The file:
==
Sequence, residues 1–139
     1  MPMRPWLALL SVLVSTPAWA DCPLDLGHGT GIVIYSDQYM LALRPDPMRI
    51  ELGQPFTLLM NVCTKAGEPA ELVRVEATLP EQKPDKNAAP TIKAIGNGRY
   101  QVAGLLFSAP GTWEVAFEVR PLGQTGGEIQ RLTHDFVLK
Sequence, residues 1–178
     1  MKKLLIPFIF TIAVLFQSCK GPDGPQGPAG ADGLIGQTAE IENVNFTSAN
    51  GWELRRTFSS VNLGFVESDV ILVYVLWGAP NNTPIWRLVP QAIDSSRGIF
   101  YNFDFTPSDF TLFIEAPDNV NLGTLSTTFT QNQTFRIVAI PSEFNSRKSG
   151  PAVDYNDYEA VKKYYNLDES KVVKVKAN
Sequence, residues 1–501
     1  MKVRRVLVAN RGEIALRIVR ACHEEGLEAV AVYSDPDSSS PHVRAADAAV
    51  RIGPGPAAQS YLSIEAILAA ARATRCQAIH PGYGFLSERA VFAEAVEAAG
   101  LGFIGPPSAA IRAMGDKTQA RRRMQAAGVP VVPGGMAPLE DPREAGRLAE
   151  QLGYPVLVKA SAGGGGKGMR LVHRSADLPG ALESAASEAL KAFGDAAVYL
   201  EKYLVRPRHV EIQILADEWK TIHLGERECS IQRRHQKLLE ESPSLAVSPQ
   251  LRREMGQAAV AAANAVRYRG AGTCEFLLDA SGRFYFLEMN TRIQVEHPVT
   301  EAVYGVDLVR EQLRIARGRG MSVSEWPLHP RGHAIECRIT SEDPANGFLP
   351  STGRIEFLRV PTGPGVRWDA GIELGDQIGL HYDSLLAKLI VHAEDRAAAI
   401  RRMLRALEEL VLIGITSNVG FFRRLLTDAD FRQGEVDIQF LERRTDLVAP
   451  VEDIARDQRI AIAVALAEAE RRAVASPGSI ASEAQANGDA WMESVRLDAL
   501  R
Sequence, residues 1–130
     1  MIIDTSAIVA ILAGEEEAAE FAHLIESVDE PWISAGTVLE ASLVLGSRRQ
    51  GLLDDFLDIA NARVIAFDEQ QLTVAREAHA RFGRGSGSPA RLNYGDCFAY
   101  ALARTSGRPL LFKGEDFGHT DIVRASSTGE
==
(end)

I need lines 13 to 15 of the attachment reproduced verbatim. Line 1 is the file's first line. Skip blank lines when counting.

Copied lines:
   101  LGFIGPPSAA IRAMGDKTQA RRRMQAAGVP VVPGGMAPLE DPREAGRLAE
   151  QLGYPVLVKA SAGGGGKGMR LVHRSADLPG ALESAASEAL KAFGDAAVYL
   201  EKYLVRPRHV EIQILADEWK TIHLGERECS IQRRHQKLLE ESPSLAVSPQ